I love what Dove is doing with their platform as a company selling beauty products. They seem to really “get” what women go through with body image. In one, an artist sketched women as they spoke, based solely on their descriptions of themselves. He also sketched the same women based on others’ descriptions. Dove then displayed the two sketches and invited the women in to see how much more radiant, beautiful and happy others had described them. Though the focus of the video was on self-perception, the catch to me was that these “others” were new acquaintances. Dove took strangers, introduced them, and had them describe each other’s appearances after their conversation.
I looked through the other Dove videos. Another had a similar concept, but asked women on the street to describe what they liked about their own appearance. Their responses were slow, indecisive and contained phrases like “as long as I hold my arms at this angle” or “I guess my calves… if I have a long skirt or pants covering them.” When asked what they liked about the friends they were with, they were quick to respond, making the friend being described blush.
In another, Dove asked the women what they like about themselves, but also what they disliked about themselves. Again, the responses about what they liked were delayed and hesitant, but the responses about what they disliked were certain, quick and well practiced.
Watching the self-criticisms in these videos, I heard something that broke my heart in each – “My mom said.”
Over and over, when talking about what they hate about their bodies, adult women picked something about themselves that their mother criticized.
Another Dove video talked about how little girls give up activities they love like dancing, swimming and gymnastics because they don’t like the way they look. These girls didn’t just wake up one day and change their minds about doing what they love. Someone taught them that their bodies were shameful.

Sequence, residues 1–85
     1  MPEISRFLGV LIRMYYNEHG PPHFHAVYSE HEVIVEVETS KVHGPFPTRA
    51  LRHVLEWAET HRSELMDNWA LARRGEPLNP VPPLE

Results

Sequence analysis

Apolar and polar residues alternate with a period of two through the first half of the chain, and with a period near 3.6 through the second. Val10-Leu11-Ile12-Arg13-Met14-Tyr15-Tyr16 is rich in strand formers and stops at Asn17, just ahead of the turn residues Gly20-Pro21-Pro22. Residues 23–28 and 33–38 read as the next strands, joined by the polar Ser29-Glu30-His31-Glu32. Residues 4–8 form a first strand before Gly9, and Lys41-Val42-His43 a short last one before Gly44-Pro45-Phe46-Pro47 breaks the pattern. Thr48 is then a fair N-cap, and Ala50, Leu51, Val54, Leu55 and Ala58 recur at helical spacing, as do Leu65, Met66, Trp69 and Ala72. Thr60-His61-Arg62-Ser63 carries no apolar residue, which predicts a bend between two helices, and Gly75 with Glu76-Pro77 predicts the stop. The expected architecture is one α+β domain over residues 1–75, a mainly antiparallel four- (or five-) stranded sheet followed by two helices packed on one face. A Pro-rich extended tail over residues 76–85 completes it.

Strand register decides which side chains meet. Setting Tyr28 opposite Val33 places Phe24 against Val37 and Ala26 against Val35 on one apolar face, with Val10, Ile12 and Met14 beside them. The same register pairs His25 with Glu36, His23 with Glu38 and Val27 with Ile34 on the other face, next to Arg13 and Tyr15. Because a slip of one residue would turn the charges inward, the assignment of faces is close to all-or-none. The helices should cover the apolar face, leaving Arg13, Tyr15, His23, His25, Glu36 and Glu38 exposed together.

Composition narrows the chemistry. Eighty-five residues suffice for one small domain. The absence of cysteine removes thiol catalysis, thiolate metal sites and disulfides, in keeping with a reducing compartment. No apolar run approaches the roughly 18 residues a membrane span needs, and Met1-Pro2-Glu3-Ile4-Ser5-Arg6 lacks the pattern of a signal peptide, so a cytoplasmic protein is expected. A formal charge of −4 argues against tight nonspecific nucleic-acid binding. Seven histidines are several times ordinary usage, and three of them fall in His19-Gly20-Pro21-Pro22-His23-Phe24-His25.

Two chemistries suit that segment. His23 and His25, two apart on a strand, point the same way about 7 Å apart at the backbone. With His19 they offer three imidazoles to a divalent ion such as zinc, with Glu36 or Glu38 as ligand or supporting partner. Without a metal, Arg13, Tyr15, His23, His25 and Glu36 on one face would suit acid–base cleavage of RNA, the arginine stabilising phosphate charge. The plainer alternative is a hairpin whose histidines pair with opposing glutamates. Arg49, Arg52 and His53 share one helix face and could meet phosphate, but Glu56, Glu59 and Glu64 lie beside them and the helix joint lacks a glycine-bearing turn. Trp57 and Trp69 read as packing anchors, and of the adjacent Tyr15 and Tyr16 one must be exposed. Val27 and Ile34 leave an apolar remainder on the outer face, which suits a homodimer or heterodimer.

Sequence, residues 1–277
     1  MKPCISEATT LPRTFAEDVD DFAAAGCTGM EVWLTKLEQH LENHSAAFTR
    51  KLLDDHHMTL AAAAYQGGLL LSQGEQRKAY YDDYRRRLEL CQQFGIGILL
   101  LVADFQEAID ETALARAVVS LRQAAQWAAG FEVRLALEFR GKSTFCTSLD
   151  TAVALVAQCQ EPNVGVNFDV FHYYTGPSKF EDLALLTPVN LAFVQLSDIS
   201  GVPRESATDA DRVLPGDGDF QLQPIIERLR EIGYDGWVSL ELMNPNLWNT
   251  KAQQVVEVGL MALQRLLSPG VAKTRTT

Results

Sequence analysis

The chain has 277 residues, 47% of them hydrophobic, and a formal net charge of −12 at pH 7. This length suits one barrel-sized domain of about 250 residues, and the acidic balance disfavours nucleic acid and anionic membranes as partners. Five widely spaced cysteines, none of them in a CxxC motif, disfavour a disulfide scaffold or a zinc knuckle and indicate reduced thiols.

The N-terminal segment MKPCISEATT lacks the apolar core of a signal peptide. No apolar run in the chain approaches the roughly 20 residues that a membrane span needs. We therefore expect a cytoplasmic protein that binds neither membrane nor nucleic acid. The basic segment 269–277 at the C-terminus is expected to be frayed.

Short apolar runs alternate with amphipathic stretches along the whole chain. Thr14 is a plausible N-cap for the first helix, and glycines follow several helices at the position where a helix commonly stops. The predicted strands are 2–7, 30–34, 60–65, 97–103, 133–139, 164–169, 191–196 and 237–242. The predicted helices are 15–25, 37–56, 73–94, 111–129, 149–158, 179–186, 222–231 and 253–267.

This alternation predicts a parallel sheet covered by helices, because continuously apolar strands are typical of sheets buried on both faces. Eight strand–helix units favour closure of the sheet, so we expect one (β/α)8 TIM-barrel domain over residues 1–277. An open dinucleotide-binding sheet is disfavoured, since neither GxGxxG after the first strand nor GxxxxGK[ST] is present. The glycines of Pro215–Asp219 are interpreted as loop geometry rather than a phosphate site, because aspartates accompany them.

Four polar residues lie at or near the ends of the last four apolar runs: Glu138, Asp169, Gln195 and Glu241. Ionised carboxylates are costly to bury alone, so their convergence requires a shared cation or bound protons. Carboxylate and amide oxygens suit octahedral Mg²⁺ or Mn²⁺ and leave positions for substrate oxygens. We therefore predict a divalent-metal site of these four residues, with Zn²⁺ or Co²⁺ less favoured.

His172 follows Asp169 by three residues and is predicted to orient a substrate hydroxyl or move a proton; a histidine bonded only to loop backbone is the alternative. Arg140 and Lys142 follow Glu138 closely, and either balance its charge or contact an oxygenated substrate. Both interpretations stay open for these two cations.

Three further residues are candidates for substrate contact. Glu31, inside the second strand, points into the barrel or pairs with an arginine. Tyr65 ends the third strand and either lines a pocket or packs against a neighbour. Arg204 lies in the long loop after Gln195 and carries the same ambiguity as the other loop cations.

It’s not just the media bombarding them with a message of “Be thin. Be beautiful. Be perfect.” It’s not just their peers, as cruel as they can be. It’s not even about impressing boys. It’s actually a lot closer to home.
What stuck with these grown women in the Dove videos were the words, actions and example of the person whose opinion matters most to them, their first model of what true beauty is. For at least one woman in each video, it was the things their parents said that stuck with them about how flawed, ugly and unlovable their bodies were.
Of course teens need to be taught how to take care of themselves and sharing healthy beauty tips can be a great bonding time, but the shame has to stop. Teens need parents who have made peace with their own appearance. Then, they have to know what you, as parents, see when you look at them. Is it their flaws? Is it how different you wished they looked? Is it how they don’t measure up to your expectations?
That’s what those women in the Dove videos (and countless other women like them) heard from their parents. At least in these videos, for once, it wasn’t the opinions of their friends or strangers that criticized and cut them down. It was their own self-perceptions, based on the words of their mothers.
Parents – you have more impact than you know. Your girls are listening. Your girls are watching. Your girls are remembering.